Thursday, 26 July 2018

Intermediate Egret

The name Intermediate (Egretta intermedia) is appropriate as the size of this egret is between the smaller Little (Egretta garzetta) and the larger Great (Ardea alba).

I recently found an Intermediate Egret hunting in the Byron Wetlands – see my previous post on the Little Egret for a comparison. As mentioned in the Little Egret post the Intermediate and Great Egrets “are stealthy stalking hunters, often standing motionless for extended periods before making lightning-fast lunges using their long retracted necks and dagger sharp bills to capture fish and other aquatic prey”. This is exactly how the bird in the following photos was hunting.

The photos were taken about 9am in full bright sunshine. I had to underexpose by selecting -1ev to stop the brilliant white plumage over exposing or blowing out with a resultant loss of feather definition.

Please click on photos to enlarge.

The bird became very focused when sizing up prey.

This bird is carrying erectile plumes on its back and breast, however its facial skin is yellow so it is not in breeding condition – the facial skin is pea green when in breeding condition.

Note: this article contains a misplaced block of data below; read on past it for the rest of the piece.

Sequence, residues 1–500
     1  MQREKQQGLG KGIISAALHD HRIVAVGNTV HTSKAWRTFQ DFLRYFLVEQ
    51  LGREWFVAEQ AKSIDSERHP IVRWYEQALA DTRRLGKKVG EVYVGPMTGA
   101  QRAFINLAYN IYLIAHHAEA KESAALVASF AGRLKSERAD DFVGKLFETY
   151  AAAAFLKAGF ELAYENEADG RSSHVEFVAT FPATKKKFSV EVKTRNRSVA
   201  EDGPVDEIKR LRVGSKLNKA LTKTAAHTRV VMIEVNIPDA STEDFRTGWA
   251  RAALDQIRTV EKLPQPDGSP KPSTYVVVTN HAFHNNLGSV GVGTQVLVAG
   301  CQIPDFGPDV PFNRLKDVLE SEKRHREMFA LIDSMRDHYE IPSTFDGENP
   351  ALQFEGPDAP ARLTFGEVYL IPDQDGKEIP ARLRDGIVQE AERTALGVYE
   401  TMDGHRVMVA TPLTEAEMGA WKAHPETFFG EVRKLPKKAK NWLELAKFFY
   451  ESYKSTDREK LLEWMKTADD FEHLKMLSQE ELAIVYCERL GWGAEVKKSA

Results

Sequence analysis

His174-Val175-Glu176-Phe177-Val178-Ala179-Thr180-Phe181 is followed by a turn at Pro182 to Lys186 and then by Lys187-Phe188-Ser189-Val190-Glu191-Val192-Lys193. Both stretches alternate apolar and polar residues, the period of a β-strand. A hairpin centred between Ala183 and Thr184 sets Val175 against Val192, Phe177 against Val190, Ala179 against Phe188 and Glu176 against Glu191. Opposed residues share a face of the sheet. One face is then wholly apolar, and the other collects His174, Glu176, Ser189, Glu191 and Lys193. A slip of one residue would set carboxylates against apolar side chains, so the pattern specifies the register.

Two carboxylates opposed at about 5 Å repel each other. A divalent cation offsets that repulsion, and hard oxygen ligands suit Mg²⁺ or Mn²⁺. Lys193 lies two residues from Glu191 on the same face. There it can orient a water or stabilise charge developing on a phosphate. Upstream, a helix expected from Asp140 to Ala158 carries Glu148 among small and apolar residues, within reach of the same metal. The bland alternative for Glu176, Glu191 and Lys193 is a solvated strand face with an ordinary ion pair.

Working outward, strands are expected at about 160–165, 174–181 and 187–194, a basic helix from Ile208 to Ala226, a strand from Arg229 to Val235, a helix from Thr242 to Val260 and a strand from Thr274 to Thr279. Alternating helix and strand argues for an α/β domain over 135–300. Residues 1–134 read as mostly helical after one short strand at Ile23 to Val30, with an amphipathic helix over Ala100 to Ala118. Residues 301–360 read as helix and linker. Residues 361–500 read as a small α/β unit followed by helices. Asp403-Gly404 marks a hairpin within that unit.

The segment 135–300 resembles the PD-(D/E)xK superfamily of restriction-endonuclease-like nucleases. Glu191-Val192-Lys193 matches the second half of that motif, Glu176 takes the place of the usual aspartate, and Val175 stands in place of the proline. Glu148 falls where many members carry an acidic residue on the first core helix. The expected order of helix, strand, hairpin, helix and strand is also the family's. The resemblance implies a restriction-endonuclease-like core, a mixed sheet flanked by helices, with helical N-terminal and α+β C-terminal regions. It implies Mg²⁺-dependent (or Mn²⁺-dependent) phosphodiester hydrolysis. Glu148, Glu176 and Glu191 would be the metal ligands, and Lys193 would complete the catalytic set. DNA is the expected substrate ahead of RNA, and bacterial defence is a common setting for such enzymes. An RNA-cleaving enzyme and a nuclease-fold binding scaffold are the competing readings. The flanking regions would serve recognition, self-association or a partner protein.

If you look closely you will see the bird has caught a small fish.

The bird has moved slowly into this forward leaning pose, keeping its legs still to avoid spooking its prey, and is now about to strike.

Moments after the above photo I managed to capture another strike.

The extended head and neck of the Intermediate Egret is about as long as its body. The Great Egret’s head and neck, when stretched out, is nearly one and a half times as long as its body. This long reach, due to long legs and necks, suits stealthy stalking whereas the shorter Little Egret actively dashes about as part of its hunting technique. While the three Egrets share a very similar body plan, each has adapted to a slightly different ecological niche.

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